I know a couple teachers in my district that use clip charts, stoplights, etc.. but my principal is pretty anti-any visual systems that make it obvious how a child's day is going, so I try to steer away from things like that.
     
  4. ash_sk8s

    ash_sk8s Companion

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    Jun 17, 2015

    We are very big into PBIS at my school. Our 3 rules are "be safe, be friendly, and be a worker." We use something called be-bands to reward the children when we see desired behaviors. My director crochets a single strand bracelet and we keep a large stock of them in our classrooms. When we see desired behaviors, we are able to instantly recognize/reward as we keep be-bands on us at all times. We will see, "Wow, that was really friendly when you helped Jack clean-up. Would you like a be-band?" The children put them on the wrists and wear them proudly! We have a jar in the classroom that they drop their be-bands in. When it is full, we have a be-band party! The children are in charge of deciding what to do for their party. During circle, I let each child offer a suggestion. Then I pick 3 ideas that are feasible and have the children vote on them. We've done things such as dress-up parties, popsicle parties, bubble parties, treasure hunts, etc.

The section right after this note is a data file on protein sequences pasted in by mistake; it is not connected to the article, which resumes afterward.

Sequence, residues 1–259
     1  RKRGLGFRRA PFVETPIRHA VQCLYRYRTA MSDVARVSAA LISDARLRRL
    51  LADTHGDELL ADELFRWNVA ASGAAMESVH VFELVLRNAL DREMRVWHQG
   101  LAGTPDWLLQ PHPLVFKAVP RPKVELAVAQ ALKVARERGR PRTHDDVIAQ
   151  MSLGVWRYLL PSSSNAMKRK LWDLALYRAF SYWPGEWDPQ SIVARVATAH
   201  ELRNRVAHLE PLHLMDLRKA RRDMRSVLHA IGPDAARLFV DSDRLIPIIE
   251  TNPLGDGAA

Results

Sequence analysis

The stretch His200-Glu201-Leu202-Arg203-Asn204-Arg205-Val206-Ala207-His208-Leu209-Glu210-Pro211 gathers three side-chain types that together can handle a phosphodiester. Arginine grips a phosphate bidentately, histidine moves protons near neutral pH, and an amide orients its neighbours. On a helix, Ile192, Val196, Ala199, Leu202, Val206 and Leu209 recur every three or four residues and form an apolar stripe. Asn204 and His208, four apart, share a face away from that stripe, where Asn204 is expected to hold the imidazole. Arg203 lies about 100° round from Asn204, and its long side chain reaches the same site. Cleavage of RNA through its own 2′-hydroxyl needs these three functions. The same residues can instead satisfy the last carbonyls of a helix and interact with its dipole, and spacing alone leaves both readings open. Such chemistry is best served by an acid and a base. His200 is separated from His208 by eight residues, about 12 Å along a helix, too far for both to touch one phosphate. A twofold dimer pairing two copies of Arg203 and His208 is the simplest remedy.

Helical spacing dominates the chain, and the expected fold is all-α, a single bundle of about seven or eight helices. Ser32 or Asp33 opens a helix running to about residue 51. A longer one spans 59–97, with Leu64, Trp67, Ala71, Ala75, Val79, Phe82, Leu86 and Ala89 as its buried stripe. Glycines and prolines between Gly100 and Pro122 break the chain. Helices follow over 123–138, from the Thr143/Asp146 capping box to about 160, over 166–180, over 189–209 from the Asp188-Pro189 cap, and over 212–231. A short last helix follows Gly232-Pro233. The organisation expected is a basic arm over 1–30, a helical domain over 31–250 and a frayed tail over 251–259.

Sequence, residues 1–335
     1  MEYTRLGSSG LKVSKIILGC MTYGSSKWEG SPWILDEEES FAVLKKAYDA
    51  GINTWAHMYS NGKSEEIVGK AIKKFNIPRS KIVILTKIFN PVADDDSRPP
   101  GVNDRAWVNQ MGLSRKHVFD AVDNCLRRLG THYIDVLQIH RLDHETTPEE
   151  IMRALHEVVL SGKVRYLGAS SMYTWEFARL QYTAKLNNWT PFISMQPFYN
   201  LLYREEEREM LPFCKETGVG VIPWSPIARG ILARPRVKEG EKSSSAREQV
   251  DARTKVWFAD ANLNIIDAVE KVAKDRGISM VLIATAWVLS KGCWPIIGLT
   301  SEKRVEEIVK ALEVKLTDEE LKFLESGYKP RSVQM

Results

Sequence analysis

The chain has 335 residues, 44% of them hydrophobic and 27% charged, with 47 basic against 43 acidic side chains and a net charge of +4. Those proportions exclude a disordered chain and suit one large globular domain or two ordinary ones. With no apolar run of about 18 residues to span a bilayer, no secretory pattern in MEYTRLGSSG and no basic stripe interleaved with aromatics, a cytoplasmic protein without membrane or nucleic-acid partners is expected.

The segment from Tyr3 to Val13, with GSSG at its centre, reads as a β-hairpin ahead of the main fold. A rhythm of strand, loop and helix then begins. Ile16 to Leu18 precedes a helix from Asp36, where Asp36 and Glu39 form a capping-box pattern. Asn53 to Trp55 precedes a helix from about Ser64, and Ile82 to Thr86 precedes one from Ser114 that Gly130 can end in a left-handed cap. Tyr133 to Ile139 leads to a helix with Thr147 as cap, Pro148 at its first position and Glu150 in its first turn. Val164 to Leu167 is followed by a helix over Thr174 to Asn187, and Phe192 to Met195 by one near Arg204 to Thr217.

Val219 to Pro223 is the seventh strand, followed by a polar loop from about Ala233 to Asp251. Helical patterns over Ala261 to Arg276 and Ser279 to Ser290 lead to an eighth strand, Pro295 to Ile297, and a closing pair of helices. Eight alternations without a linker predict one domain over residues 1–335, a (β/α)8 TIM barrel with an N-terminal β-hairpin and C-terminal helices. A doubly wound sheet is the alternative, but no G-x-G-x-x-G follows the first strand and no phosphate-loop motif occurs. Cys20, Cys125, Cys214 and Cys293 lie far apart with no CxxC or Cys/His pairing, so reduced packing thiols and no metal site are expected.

5. scmom

    scmom Enthusiast

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    Jun 17, 2015

    Is it just me, or am I old?

    In my experience, most kids don't need a system and those who do either don't understand it, don't have the impulse control to stop themselves or don't care.

    I think just having a good environment and rules in place, practicing procedures and routines and noticing when they are making good choices seems to be all that is needed most of the time.

    I also have a problem with rewards for normal, expected behaviors. Kids should be doing a good job because it is the right thing to do, not because they get a sticker or ? I have had kids tell me they won't clean up or whatever unless they get a reward. Really? :dizzy:

    :sorry:I am tired. Maybe I am ranting.
     
  6. ash_sk8s

    ash_sk8s Companion

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    Jun 18, 2015

    When it is a skill that is newer, I give out be-bands more frequently. As the year progresses, I give less out for everyday things and replace it with a simple thank you. You should always be acknowledging the behaviors you WANT to see out of children, versus what you don't. If a child ever explicitly asks for a be-band, the answer is no!
     
  7. eternalsaudade

    eternalsaudade Companion